David Bourget (Western Ontario)
David Chalmers (ANU, NYU)
Rafael De Clercq
Ezio Di Nucci
Jack Alan Reynolds
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Journal of Moral Philosophy 1 (3):311-331 (2004)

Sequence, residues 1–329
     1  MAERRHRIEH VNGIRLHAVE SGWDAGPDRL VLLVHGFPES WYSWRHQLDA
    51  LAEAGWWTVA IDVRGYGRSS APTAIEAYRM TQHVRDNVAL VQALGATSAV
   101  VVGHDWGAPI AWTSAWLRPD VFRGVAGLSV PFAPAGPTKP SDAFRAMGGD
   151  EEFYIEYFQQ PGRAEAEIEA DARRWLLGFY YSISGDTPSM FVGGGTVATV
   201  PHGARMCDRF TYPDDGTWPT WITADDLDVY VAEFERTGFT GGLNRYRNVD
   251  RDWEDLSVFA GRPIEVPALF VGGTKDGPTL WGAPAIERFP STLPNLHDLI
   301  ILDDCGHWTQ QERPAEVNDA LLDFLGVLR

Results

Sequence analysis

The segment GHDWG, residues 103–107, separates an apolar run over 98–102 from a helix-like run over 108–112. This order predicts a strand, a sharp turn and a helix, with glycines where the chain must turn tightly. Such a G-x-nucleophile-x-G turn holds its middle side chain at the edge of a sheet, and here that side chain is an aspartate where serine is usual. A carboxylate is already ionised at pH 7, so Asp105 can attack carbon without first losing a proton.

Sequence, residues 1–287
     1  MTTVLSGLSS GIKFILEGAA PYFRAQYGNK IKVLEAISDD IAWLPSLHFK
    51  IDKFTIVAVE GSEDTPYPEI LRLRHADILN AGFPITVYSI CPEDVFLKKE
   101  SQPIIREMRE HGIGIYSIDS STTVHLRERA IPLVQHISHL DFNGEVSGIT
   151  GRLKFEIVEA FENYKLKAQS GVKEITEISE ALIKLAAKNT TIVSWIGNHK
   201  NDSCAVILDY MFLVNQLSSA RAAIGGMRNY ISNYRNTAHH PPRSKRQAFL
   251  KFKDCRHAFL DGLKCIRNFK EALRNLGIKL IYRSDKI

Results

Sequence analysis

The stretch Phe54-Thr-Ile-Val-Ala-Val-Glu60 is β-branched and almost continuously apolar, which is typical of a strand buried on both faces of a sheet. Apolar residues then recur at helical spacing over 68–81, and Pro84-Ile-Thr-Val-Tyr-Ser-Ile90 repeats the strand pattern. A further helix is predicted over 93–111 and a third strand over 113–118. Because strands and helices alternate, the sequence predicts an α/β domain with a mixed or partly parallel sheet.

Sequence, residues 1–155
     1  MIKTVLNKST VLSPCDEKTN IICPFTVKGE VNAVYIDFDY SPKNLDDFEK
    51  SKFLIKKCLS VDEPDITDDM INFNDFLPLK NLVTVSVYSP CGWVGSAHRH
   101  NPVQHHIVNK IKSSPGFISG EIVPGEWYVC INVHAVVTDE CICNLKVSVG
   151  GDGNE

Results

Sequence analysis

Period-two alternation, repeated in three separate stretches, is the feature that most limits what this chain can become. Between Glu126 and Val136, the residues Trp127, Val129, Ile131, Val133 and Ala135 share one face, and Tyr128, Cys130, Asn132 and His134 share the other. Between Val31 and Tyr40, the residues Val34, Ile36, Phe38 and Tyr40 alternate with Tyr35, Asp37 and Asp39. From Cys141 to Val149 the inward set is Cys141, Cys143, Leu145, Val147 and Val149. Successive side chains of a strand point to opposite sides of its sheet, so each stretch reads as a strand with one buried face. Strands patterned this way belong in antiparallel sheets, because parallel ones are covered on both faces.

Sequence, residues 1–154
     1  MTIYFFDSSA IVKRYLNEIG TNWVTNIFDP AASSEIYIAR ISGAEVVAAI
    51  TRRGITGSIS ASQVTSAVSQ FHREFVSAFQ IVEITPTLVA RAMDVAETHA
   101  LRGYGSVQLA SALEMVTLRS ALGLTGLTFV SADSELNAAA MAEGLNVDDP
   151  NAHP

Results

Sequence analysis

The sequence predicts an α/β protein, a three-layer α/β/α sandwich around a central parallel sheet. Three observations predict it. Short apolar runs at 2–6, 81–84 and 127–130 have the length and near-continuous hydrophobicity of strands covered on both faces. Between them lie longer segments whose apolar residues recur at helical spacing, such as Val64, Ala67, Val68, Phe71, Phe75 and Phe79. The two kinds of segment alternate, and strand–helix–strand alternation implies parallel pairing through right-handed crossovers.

moral foundation of liberalism can be defended in one of three ways: (1) as a conception one accepts as a result of one’s affirmation of political liberalism, (2) as a conception one must affirm as a presupposition for political liberalism, or (3) as a philosophical truth about practical reason and persons. The first option makes it impossible to distinguish a moral consensus from a modus vivendi . The second renders the moral foundation of liberalism dogmatic because it affirms a moral foundation for which no justification is provided. Since there are good reasons for rejecting (1) and (2), that leaves option (3). I argue that (3) should be the preferred option for liberals who advance liberalism as a political doctrine with a moral foundation.
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